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Gone Girl (7/10)

by Tony Medley

Running Time 149 minutes.

Not for children.

I’m glad that I did not read James Jones’ “From Here to Eternity” before I saw the Oscar®-winning 1953 movie. When I saw the movie, I thought it was terrific. But when I finally read the book I discovered that they had omitted large portions of the book from the movie. Had I read the book first, I would probably have been disappointed in the movie.

And that’s the problem with Gone Girl. I read the book before I saw the movie. It’s not that the movie is not an accurate reflection of the book. And it’s not that Ben Affleck and Rosamond Pike are not wonderful incarnations of Nick and Amy Dunne or that the rest of the fine cast, Kim Dickens as Detective Rhonda Boney, Tyler Perry as attorney Tanner Bolt, Sela Ward as Sharon Schreiber, Missi Pyle as Ellen Abbot, in a bang-up impersonation of a Nancy Grace-type TV commentator, and Carrie Coon who plays the pivotal role of Margo, Nick’s sister, and who provides a little comic relief, are not equally wonderful.

What I found disappointing is that in the first half of the movie Nick is not nearly as unsympathetic and Amy is not nearly as sympathetic as I found them to be in the book. Worse, although the movie pretty much follows the trail of the book, Gillian Flynn, who wrote both the book and the screenplay, changed the ending so that readers of the book “would not lose interest.” That makes no sense at all, and given the gender point they’re trying to make, it’s disingenuous. If the audience is going to lose interest it will lose interest long before the ending.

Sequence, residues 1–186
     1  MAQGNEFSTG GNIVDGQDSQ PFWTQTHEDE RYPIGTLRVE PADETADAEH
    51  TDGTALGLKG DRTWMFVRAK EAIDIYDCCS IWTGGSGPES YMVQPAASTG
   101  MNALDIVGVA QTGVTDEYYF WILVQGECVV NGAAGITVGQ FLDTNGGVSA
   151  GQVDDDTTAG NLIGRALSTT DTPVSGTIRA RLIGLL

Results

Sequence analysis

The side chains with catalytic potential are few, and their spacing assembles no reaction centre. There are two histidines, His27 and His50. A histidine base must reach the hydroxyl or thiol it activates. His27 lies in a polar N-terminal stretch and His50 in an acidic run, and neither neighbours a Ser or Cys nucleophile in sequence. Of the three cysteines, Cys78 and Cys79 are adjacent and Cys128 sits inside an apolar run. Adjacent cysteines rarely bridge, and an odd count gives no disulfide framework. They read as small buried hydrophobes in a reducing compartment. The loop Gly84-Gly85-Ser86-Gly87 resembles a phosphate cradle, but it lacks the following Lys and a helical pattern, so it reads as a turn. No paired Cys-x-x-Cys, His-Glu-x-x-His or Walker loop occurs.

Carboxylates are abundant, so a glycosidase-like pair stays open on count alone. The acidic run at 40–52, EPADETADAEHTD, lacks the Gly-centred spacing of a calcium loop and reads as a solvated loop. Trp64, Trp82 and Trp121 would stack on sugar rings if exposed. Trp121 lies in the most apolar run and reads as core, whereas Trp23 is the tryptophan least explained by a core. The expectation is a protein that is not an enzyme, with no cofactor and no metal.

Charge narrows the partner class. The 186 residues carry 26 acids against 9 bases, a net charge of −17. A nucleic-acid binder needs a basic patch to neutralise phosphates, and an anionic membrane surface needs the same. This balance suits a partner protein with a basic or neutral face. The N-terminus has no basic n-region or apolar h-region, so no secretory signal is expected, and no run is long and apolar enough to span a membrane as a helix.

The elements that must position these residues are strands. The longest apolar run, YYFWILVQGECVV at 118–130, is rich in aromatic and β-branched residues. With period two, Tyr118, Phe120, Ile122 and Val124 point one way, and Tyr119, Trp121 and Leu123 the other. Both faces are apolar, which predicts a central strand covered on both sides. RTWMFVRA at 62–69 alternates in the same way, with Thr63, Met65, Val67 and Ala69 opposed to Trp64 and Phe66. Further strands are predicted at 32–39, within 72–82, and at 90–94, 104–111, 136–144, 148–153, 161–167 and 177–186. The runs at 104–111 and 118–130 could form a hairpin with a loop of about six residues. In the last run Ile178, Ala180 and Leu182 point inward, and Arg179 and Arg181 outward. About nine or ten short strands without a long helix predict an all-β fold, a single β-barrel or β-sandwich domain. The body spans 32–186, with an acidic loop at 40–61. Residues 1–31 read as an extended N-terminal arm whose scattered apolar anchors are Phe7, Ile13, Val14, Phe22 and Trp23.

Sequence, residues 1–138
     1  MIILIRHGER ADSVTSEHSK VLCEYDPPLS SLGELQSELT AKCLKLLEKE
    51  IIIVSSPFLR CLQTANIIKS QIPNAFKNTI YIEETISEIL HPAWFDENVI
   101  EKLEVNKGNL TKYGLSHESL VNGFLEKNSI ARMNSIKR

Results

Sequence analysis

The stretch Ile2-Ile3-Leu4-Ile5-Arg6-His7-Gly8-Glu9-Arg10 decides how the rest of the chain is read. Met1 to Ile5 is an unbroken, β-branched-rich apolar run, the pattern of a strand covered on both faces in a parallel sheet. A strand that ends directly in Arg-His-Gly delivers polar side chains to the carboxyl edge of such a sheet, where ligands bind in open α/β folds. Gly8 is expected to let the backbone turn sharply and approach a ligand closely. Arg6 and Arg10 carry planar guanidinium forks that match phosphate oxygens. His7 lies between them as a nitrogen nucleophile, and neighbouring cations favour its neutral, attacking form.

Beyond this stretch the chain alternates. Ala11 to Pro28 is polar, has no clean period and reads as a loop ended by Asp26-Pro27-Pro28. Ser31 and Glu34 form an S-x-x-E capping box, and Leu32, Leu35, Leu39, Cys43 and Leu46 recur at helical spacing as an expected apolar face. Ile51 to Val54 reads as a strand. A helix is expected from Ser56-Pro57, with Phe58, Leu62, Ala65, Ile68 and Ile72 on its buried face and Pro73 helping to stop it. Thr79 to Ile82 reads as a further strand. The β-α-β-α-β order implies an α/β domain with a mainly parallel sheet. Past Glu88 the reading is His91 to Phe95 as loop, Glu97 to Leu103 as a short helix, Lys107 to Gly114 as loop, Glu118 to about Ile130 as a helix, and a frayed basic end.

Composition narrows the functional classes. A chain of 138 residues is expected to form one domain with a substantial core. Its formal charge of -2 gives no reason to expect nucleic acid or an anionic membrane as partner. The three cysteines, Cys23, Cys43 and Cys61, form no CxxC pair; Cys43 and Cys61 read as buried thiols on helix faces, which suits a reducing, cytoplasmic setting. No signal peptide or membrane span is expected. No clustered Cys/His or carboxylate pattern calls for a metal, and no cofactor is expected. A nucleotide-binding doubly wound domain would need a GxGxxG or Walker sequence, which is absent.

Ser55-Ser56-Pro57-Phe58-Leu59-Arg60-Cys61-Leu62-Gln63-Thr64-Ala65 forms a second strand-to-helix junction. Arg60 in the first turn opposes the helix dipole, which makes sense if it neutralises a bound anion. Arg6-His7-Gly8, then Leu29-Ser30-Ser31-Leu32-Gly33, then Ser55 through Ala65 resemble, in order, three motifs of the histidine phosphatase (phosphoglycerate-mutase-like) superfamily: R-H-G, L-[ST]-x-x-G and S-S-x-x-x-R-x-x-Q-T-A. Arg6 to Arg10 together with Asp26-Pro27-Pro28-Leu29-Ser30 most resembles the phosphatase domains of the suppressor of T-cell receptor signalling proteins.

Another problem is that the movie is far too long. I got antsy sitting for almost two and half hours but I attributed that to the fact that I had read the book, knew the story, and knew what was going to happen. But after the film, my friend who accompanied me, who had not read the book, told me that although she thought the film excellent and that she enjoyed it, she felt it was too long to sit through. The story is a good one and it was extremely well told in the book and well told in the film, but it’s not a story that can justify a running time of almost 2 ½ hours.

All that said, director David Fincher has done a relatively good job of converting the book to a film and it is unquestionable that this will be one of the top films of the year. Both Affleck and Pike give almost perfect performances, and they are immensely aided by a good score (Trent Reznor and Atticus Ross, who worked with Fincher on The Social Network and The Girl With the Dragon Tattoo). Because of the length of the film and its dark tone, without the score complementing what’s on the screen this could have been deadly.

Totally ineffective, however, is Neil Patrick Harris as Desi Collings, who is one of Amy’s old boyfriends. He has a key role and his performance bombs because he is just not believable. Why he was cast in this role is perplexing.

As stated above, there’s an underlying gender theme and point that Flynn and Fincher are trying to make here, which seems to me to be the real reason for the changed ending. Viewers can draw their own conclusions about what point they’re trying to make. But this is a movie, an entertainment; that’s enough.